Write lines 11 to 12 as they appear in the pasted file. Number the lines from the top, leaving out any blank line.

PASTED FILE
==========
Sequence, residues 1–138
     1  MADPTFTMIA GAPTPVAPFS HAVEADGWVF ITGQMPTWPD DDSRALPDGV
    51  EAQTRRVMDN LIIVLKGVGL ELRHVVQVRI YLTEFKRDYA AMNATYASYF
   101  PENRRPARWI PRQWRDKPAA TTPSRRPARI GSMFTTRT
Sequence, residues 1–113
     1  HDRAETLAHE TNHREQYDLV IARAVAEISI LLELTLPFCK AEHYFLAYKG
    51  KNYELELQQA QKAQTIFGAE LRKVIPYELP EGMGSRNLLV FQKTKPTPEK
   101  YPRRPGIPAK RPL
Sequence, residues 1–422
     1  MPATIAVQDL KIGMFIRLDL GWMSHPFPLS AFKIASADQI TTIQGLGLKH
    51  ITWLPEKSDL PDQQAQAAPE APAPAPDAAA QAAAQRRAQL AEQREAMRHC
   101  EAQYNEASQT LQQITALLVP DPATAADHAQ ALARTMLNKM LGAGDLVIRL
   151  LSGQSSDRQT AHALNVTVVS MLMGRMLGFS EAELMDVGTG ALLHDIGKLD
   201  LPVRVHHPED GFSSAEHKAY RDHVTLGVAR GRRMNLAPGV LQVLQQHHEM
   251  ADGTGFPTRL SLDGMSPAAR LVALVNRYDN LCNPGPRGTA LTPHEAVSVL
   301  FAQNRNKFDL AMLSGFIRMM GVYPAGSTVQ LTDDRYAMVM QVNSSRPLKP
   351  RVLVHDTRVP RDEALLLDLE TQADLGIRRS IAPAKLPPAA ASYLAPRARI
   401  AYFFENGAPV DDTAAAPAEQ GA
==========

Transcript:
    51  ITWLPEKSDL PDQQAQAAPE APAPAPDAAA QAAAQRRAQL AEQREAMRHC
   101  EAQYNEASQT LQQITALLVP DPATAADHAQ ALARTMLNKM LGAGDLVIRL